Muslims cannot even get away from it all, the recent case of CAGE’s International Director, Muhammad Rabbani, revealed much about “random stops” under Schedule 7, and the shocking figure of 88.4% of those detained at ports and airports are from ethnic minorities, or otherwise “not stated” doesn’t help reassure Muslims that they’re not being targeted.
Time and again, the government has been criticised for their draconian counter-terrorism laws and strategies. Voices of opposition include: the National Union of Teachers, the former Chief Constable of Greater Manchester Sir Peter Fahy, leader of the opposition party Jeremy Corbyn, and the United Nations. The aforementioned list is by no means exhaustive.
Of course, none of these people are accused of distorting the truth or worse, “radicalising” people by turning them against Britain. You have to qualify to be accused of such nonsense – you have to be Muslim.
Nevertheless, Home Secretary Amber Rudd rolled out a new “extremism commission” that will train schools how to detect “radicalisation”. If the above list is anything to go by, all this commission will do is create more casualties. Apparently, applications for a commissioner are now open!
But there are some Muslims that the Conservatives will happily continue to court. Not least those in the Gulf, most prominently, Saudi Arabia, armed by the UK so it can continue to wage its murderous war in Yemen.
Returning within the walls of the conference, the Conservatives are also more than happy to invite those that parrot the threat of so-called “non-violent extremism”, in order to keep the cash flowing. But it’s the organ grinders we need to address. The people they parade to fulfil their agendas are fringe, not grassroots activists trying to rescue a targeted minority.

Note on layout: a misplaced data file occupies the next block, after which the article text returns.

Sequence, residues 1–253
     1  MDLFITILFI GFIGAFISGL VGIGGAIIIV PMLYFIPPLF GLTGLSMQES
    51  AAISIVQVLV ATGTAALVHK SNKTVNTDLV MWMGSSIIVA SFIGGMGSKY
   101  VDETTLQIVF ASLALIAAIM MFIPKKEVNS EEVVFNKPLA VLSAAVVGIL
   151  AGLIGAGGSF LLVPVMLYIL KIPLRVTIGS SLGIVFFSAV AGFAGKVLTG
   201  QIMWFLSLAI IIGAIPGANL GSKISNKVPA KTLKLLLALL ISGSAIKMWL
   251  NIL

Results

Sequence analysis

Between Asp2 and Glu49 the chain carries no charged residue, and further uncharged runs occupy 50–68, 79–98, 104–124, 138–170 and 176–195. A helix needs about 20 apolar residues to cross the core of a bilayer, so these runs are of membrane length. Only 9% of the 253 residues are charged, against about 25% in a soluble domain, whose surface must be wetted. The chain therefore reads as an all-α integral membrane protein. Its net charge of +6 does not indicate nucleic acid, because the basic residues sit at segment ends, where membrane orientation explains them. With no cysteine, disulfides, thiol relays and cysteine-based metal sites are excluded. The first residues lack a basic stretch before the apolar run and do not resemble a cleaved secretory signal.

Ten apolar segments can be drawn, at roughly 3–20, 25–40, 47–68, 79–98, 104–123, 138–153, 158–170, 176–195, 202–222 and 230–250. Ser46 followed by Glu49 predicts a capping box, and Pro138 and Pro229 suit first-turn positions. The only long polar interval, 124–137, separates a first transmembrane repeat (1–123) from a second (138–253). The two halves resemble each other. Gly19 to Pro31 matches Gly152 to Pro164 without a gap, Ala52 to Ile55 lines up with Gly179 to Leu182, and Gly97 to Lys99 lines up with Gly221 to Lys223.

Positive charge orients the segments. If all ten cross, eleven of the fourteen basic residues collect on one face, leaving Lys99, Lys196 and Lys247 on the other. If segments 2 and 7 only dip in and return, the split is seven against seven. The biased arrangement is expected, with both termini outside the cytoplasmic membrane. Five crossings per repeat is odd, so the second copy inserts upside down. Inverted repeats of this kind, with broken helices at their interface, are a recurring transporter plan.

The government are in no unreserved terms, guilty of division and espousing hate. Oborne asserts that, “the Conservatives may be on the way to becoming a sectarian- and even racist-political party,” many genuinely believe that when it comes to Muslims, they are already there.
So what is it about these politicians who have a problem with Islam and Muslims? Perhaps it’s linked to their colonialist mentality, as exposed by Boris Johnson’s crass remarks about “clearing the dead bodies” in Libya to make it like Dubai.
I recently returned from to Libya after 40 years. We left because of the tyranny of Colonel Muammar Ghadaffi.
When I spoke to people on the ground, they lay the blame squarely at the feet of Western interference. The message from those we interacted with, were very clear – it all went wrong when NATO intervened, and when David Cameron and Nicolas Sarkozy followed suit.
Any policy or law will inevitably fail if it is based on injustice, and ultimately fails to delve into a “deeper debate” as Oborne states. That deeper debate must include foreign policy.
Muslims deserve an apology, here, in Libya, Iraq, Yemen, Syria, Afghanistan, and beyond. I am certain that there will come a time when that apology will come to pass, but until then, we can expect accusations and condemnations.
We find solace in the words of a man who to many non-Muslims, was the most influential human being in the world, and to Muslims, he is our beloved Prophet, Muhammad (peace be upon him); Jabir ibn Abdullah reported that the Messenger of Allah (peace be upon him) said:
“Guard yourself from oppression, for oppression will be darkness on the Day of Resurrection. Guard yourself from greed, for greed destroyed those before you. It caused them to shed blood and to make lawful what was unlawful.” [Sahih Muslim 2578]
Ibtihal Bsis is a barrister by profession. She is currently preparing a research paper on Prevent and its effects on the Muslim Community. You can follow her on Twitter @UmmHarith